Furnace Run always has a nice surprise for me. On this day it was a robust clump of comfrey, looking happy as can be along the stream bank. With all the mugwort growing nearby, you could call it an herbalist's garden...
single isolated plant; low sandy terrace above stream bed; this is the white-flowered form, which I am not accustomed to seeing in gardens. It's beautiful.
Dwarf tree, 10' high; on slumped soil at bottom of steep cliff along Furnace Run.
An attempt to relocate a 30+ year old record for Cypripedium parviflorum resulted in this thing -- actually 3 of these small, weak-looking things, which look an awful lot like Cypripedium, but I just can't say for sure. Could be Epipactis?
This population was found under trees on a steep stream bank. Growing with Krigia biflora, Amphicarpaea bracteata, and Vicia caroliniana. The Vicia is significant, I think, because I notice it often grows in the same sites where Cypripedium grows (or used to grow) but seems to be able to persist in shaded conditions longer than that species.
Local; scattered population of 15-25 plants on mesic slope above stream in beech woods; strongly associated with mossy hummocks. Only two plants flowering, one male (long inflorescence), and one female (short inflorescence).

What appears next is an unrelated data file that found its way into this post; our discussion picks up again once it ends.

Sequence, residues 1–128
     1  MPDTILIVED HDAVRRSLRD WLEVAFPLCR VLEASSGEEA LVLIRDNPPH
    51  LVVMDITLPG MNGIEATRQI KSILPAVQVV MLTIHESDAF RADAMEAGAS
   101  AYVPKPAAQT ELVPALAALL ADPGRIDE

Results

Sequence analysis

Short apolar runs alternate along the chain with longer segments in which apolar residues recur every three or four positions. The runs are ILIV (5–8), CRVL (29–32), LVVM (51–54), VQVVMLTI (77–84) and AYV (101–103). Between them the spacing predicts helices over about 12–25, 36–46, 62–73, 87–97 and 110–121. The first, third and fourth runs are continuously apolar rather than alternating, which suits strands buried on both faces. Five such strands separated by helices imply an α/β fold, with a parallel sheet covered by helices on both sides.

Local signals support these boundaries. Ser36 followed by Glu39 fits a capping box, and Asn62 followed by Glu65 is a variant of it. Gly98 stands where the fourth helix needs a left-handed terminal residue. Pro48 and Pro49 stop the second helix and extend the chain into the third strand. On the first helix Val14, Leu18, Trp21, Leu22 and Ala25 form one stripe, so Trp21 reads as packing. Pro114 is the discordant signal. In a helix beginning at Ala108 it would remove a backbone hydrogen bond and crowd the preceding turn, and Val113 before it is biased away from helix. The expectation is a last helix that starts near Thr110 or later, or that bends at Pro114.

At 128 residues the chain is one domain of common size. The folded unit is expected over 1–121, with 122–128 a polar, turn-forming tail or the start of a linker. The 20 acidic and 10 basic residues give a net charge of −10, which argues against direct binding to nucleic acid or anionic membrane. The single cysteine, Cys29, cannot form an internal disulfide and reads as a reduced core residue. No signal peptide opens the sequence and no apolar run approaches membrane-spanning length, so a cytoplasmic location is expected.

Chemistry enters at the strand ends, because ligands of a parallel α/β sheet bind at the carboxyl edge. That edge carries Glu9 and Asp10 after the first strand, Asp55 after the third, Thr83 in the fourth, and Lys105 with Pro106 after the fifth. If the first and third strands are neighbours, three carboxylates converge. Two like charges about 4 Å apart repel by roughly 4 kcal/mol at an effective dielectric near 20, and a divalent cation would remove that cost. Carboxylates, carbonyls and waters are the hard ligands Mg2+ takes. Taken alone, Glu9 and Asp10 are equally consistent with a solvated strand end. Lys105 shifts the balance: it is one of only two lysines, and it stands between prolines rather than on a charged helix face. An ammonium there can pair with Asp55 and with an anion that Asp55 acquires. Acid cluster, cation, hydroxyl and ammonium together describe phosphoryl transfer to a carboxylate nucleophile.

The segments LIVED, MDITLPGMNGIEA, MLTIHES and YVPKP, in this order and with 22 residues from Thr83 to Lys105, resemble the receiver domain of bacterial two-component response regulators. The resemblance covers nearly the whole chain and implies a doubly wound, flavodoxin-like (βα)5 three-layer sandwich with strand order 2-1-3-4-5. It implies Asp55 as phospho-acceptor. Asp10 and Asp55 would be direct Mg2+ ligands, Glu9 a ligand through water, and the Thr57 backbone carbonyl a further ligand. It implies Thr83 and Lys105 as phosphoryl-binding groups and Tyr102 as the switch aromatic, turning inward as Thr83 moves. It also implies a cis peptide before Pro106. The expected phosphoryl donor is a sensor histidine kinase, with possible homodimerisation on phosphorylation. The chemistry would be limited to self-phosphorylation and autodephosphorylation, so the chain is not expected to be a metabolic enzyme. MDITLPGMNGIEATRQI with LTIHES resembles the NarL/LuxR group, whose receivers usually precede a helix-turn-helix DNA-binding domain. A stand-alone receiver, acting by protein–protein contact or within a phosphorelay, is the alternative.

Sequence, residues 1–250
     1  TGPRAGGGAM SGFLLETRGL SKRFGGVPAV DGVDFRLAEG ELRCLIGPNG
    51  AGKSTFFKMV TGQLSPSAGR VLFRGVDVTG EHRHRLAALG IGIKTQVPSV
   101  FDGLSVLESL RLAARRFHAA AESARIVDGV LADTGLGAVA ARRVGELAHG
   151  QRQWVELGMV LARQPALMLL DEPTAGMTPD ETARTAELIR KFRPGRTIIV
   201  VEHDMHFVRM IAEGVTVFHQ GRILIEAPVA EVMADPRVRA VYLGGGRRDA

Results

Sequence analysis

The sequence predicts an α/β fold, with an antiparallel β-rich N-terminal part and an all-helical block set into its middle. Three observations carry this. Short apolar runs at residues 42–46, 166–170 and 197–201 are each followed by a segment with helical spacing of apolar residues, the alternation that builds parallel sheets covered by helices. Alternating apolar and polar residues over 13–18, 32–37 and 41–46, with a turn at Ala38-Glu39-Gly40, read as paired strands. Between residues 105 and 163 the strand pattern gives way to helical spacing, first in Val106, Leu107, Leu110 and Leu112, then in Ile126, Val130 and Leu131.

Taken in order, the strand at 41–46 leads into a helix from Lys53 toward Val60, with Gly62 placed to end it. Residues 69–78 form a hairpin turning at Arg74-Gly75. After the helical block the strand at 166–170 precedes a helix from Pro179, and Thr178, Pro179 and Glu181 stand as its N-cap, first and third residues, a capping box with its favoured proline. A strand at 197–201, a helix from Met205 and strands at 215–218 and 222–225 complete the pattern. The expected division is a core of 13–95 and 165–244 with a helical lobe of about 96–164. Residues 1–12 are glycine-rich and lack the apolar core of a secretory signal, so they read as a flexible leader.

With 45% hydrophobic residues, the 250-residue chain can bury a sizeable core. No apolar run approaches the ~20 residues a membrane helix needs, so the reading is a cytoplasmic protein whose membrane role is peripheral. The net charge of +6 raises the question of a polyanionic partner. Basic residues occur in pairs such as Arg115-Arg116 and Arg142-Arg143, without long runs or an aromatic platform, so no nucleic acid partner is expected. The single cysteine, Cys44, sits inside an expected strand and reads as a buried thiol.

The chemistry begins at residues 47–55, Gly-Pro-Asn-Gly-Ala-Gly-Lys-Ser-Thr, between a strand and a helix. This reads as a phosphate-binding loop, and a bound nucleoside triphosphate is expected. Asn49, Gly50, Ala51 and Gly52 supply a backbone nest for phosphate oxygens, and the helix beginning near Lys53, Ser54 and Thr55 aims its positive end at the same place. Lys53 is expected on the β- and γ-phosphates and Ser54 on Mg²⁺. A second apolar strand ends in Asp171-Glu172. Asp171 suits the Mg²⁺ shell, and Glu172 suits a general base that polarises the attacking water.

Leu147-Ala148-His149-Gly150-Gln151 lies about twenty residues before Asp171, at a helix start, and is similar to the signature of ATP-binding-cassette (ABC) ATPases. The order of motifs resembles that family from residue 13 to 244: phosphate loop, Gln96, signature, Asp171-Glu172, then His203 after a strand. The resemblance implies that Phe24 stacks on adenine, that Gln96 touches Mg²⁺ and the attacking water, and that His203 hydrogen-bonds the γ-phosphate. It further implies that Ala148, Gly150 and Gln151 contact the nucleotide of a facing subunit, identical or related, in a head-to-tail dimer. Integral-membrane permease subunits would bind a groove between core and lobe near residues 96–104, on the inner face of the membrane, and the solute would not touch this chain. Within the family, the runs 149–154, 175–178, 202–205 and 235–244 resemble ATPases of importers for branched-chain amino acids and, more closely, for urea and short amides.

Rather local; small patch under trees next to large eroding cliff above stream; associated with Erigeron pulchellus, Calystegia spithamea, Desmodium nudiflorum, and Amphicarpaea bracteata. Flowers white.
Only 3 individuals seen, all on single inflorescence of Viburnum acerifolium. They appeared to be actively harvesting nectar from the shallow-cupped flowers (and in the process getting heavily dusted with pollen).
Common, forming patches of basal rosettes on steep eroding slope above stream; plants densely hairy, stems few-flowered.
cespitose, foliage pale green; in buttonbush depression with Bidens and other Carex spp., oak woods.
On sugar maple leaf
Near railroad tracks
Growing on moist bank.
On young Mimulus plants
On granite boulder